Why don’t we practice more?

By Anthony Barkley
NZPGA Professional

Practicing your golf takes time and patience but is one of those important aspects that if done properly will improve your golf. I will emphasize that any golf practice needs to be done well to be effective as over the years I have also seen those that practice almost every day but make no progress or improvements. So what is it that we need to do to make our practice worthwhile?
You need to have something to practice. Makes sense right, but often people don’t have a purpose for their practice meaning many leave the range feeling frustrated. If this is you, you need to seek advice from your professional or coach to be given correct forms of practice to make improvements for you. The internet will have loads of ideas, drills and advice but there is no individually based guidance that includes body issues to work around, long term swing tendencies or properly set out steps for improvement.
Is on course practice ok? Yes and no. Obviously to keep your course in good condition and keep angry green keepers of your back, never hit more than two balls while on the course. On course practice is great to fine tune your playing, not to make major swing changes. On course practice should be used as part of your game improvement plan or when you are peaking for a tournament.
What about using cameras? I think advances in cameras and the fact that most phones have great video capabilities make using these an asset as long as you know what to look for. Again, your coach will guide you here. There are many great free coaching apps available these days and I have many students using ones that talk to each other meaning I can check their swings etc from their own course range. It’s about instant feedback meaning potential quicker gains.
Should you practice at driving ranges? Yes, if you can’t get to a normal practice range but you have to be more disciplined in your practice as human nature makes us want to smash a drive meaning you can lose focus on why you are there. But, if you have a plan go for it, at least you won’t have to pick up the balls. I myself am not a fan of hitting of mats as it gives you a false sense of impact but often the positives outweigh the negatives.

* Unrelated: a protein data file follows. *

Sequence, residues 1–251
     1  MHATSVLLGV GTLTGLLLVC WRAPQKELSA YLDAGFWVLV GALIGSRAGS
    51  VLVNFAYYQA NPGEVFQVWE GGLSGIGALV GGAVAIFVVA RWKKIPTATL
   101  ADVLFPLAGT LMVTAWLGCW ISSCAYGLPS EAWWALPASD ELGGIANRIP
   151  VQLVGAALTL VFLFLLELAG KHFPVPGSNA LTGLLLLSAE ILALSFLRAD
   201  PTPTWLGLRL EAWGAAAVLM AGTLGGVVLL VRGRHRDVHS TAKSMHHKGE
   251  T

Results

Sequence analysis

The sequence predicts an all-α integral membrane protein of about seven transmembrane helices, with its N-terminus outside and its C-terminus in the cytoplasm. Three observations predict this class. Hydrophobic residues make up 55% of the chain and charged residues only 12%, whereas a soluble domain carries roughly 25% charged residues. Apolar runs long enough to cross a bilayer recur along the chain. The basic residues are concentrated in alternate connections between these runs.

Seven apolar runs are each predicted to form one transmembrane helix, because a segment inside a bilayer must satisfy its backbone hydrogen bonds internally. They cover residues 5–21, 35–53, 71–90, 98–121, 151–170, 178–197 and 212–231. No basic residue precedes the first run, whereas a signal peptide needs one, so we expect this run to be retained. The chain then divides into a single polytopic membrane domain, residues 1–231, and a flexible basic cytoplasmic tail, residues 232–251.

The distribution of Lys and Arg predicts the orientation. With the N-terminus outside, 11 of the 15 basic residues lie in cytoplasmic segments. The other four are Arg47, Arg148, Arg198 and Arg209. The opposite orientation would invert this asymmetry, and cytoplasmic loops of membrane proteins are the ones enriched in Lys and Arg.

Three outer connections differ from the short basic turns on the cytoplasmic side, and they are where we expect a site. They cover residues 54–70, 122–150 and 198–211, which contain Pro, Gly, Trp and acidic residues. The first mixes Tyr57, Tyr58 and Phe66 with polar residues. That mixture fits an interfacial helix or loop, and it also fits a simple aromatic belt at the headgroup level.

It takes time to be able to hit lots of balls and I recommend no more than 30-40 balls at a time for this reason. I also suggest you mix your practice up to include some skill based work. Challenge yourself to hit certain golf shots, create a reward if you achieve this challenge and train more like you play. If you love your practice and can be on the range for hours still add some skill based drills as this will help your playing. Just remember that being able to get out of trouble can save a lot of shots per round but do we practice this enough?
What’s the quickest way to decrease scores? Short game work like chipping and putting will improve your score no doubt, but having a very good understanding of your swing will give you confidence to play to your strengths. This is where coaching is going these days I feel. Its about working to control what you have unless you make a considerable commitment to change. Fundamental movement is still key but it doesn’t have to be perfect, just repeatable under pressure.
Seek advice and start your golf improvements. If you would like help planning your practice and have someone keep track of things for you please contact me as for a small fee I can help you. Online video lessons are also a definite possibility so don’t hesitate to talk with me about this: ant@100percentgolf.com
Days are getting longer, weather is getting warmer so it’s time to hit that range and start your improvements.

Sarah HeadComment